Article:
just hope that one day we can get a movie out of “The Breathing Method”, the
    fourth and final story from his collection ‘Different Seasons’, which has yet
    to be adapted while the other three have been made into wonderful movies ([Rita
    Hayworth and] The Shawshank Redemption, Stand By Me [originally titled The
    Body] and the before mentioned Apt Pupil) although the prospect of a film
    featuring a group of men sitting in a Gentlemen’s Club and telling a story
    about the headless body of a pregnant women wheezing through its severed esophagus as it gives birth would have Feminists dislodging their tampons, setting them alight and flinging them at the screen in protest while it would make for a
    challenging project for Steven Spielberg if he wasn’t a GIGANTIC FUCKING
    PUSSY!!!FACT!!!

  • Good rant, Creepy.

  • I agree about King getting a little too chatty later on. Just compare the dialogue of the old “Salem’s Lot” movie and the new version of 2004.

  • CoolHandJuke

    Number 2 of DT was a dredge for me. Didn’t care much for wizards and glass either. Thought 3 was the best and then Gunslinger. The end ones were just blah

  • Tarmac492.1

    I think Spielberg would have done a decent Shining as well. He could have had all the scares and still given it the somewhat happy ending it had with Olive Oyl and the creepy kid getting away from Crazy Jack. Would he have bettered Kubrick’s version–perhaps not, but I believe The Shining was right in Spielberg’s wheelhouse. Duel was a very Kinglike story which makes sense in a reverse way as Matheson wrote Duel and was a great influence on King,

  • Tarmac492.1

    Cain Rose Up was another one of those nasty stories.

  • Tarmac492.1

    Great Book. King quote on cover.

  • CreepyThinMan

    Spielberg and King’s work of the late 70’s to the late 80’s was soo simpatico in its working-class-people-encounter-strange-shit outlook, to say nothing about the heavy nostalgia streak they both share, that it boggles the mind that they never worked together on anything!?!FACT!!!

  • Tarmac492.1

    Thomas Bishop would eat Hannibal Lector as a pre-workout energy booster. Perhaps the son of Caryl Chessman? Read and find out.

  • Tarmac492.1

    Sadly. Turd and I were talking about that this week in another thread. They flirted with each other like two fat and horny office workers who are married to even fatter spouses, but they never really fucked or even fingerblasted each other in their hairy asses. Our loss.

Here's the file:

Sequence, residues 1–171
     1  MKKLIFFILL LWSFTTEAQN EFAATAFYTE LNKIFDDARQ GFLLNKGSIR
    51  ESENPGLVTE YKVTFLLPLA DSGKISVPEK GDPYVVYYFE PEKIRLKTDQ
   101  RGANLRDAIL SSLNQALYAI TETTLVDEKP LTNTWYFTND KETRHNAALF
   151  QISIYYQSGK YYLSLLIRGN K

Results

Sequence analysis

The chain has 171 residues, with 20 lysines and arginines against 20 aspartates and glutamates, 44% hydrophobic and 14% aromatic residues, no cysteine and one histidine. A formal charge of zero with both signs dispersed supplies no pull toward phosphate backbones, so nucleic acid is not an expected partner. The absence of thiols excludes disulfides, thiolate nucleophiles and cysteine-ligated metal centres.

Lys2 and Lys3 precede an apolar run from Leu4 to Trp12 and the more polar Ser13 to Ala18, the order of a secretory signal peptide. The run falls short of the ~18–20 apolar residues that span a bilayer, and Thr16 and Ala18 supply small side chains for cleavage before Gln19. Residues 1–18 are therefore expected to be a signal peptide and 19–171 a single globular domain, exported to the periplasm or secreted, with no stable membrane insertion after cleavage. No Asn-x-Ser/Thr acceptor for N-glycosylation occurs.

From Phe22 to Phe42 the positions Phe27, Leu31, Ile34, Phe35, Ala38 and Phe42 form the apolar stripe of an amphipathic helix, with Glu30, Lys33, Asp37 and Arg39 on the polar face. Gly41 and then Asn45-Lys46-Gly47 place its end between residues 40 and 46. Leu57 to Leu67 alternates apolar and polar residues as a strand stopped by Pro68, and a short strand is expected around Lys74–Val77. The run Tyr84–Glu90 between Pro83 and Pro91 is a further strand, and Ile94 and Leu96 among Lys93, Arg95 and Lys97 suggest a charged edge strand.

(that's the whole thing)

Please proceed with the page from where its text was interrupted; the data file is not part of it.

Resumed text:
• Tarmac492.1

    For some reason when I read this, I think of it in eerie claymation with animals.

  • Tarmac492.1

    ” Cut him,” Machine said, “Cut him while I stand here and watch. I want to see the blood flow. Don’t make me tell you twice.”
    -Machine’s Way
    by George Stark

  • CreepyThinMan

    I still wish that George A. Romero and King could get back together and do another Creepshow. It would be AWESOME to see what they could do with todays technology!!!FACT!!!

  • Tarmac492.1

    I remember reading pet ‘semetary and when Louis Creed is carrying his son’s body to bury it in the burial ground–walking through the forest at night..? Fuck, what brilliant writing. One of the most unnerving things I have ever read this side of a letter from the IRS telling you that you owe them more. Great call on The Long Walk.

  • Tarmac492.1

    Cronenberg’s adaption of The Dead Zone was all sorts of great. Captured the novel quite nicely, even with its changes. “the ICE is going to break,” Walken voice.

  • Tarmac492.1

    Man my head is fuzzy today. Hadnt drank in a while(like over a month) but it is PDW here in the northeast and it was just so nice out.I had to imbibe. It sure was fun coming home and finishing off the night with some drinks and this thread..

  • you got mail

  • Turd Has Escaped The Gravy

    As I’ve argued elsewhere, all this is true enough, but King nonetheless displayed a penchant for disturbing sex and violence that Spielberg lacked.

    Sure, I can imagine the ‘Berg directing a version of IT in the eighties with great child performances, but not one where the clown rips off a kid’s arm or transforms into a rotting wino that solicits nickels and dimes in return for “sucking ya dick!”

  • Turd Has Escaped The Gravy

    Amen!

  • Turd Has Escaped The Gravy

    Lol @ Don “Two Chins” Murphy! I remember that asshole going after you back in the AICN days.

  • Tarmac492.1

    I think a younger Michael Keaton would have been good as Stark. Eddie Murphy?

  • Lisa 39

    Pdw? I’m in the northeast also, of Ohio!

  • Tarmac492.1

    Maybe I do an article. PDW–Perfect Drinking Weather. Usually from 9/21-11/21. Not too cold, not too hot. Beautiful.

  • Lisa 39

    Tonight at 8 I will be watching “misery”, yay!

  • Lisa 39

    Ooooh, perfect drinking weather, got it. Yeah it is pretty nice out now but I really enjoyed the summer while I could. I hope your fuzzy head feels better soon 🙂

  • I don’t know. I picture Stark as a burly type with a world-weary face. He is a gangster who became a writer in the book.

  • That’s been my all time favorite. Book and movie.

  • Tarmac492.1

    Michael Keaton was a gangster in Johnny Dangerously.

  • He is too wiry for the way I picture Stark.